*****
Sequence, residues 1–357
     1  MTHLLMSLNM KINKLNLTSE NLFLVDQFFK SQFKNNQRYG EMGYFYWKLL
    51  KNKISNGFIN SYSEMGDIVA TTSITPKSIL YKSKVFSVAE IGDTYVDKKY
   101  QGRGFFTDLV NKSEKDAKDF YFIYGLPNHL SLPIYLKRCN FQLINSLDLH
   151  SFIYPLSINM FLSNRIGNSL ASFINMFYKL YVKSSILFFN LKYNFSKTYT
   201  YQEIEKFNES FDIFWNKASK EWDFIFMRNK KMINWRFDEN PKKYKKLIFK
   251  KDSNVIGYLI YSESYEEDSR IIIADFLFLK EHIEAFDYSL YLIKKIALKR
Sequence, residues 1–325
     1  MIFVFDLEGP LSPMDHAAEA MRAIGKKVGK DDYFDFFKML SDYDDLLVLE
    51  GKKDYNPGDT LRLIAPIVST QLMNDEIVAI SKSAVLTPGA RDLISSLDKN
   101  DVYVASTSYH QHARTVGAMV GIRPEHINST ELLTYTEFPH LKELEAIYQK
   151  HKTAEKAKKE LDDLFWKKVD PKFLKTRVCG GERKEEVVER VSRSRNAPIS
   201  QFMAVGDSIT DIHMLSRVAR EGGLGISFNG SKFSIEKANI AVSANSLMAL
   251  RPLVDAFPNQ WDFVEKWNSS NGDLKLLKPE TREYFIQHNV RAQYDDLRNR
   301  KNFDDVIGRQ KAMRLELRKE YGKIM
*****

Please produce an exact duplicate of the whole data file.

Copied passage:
Sequence, residues 1–357
     1  MTHLLMSLNM KINKLNLTSE NLFLVDQFFK SQFKNNQRYG EMGYFYWKLL
    51  KNKISNGFIN SYSEMGDIVA TTSITPKSIL YKSKVFSVAE IGDTYVDKKY
   101  QGRGFFTDLV NKSEKDAKDF YFIYGLPNHL SLPIYLKRCN FQLINSLDLH
   151  SFIYPLSINM FLSNRIGNSL ASFINMFYKL YVKSSILFFN LKYNFSKTYT
   201  YQEIEKFNES FDIFWNKASK EWDFIFMRNK KMINWRFDEN PKKYKKLIFK
   251  KDSNVIGYLI YSESYEEDSR IIIADFLFLK EHIEAFDYSL YLIKKIALKR
Sequence, residues 1–325
     1  MIFVFDLEGP LSPMDHAAEA MRAIGKKVGK DDYFDFFKML SDYDDLLVLE
    51  GKKDYNPGDT LRLIAPIVST QLMNDEIVAI SKSAVLTPGA RDLISSLDKN
   101  DVYVASTSYH QHARTVGAMV GIRPEHINST ELLTYTEFPH LKELEAIYQK
   151  HKTAEKAKKE LDDLFWKKVD PKFLKTRVCG GERKEEVVER VSRSRNAPIS
   201  QFMAVGDSIT DIHMLSRVAR EGGLGISFNG SKFSIEKANI AVSANSLMAL
   251  RPLVDAFPNQ WDFVEKWNSS NGDLKLLKPE TREYFIQHNV RAQYDDLRNR
   301  KNFDDVIGRQ KAMRLELRKE YGKIM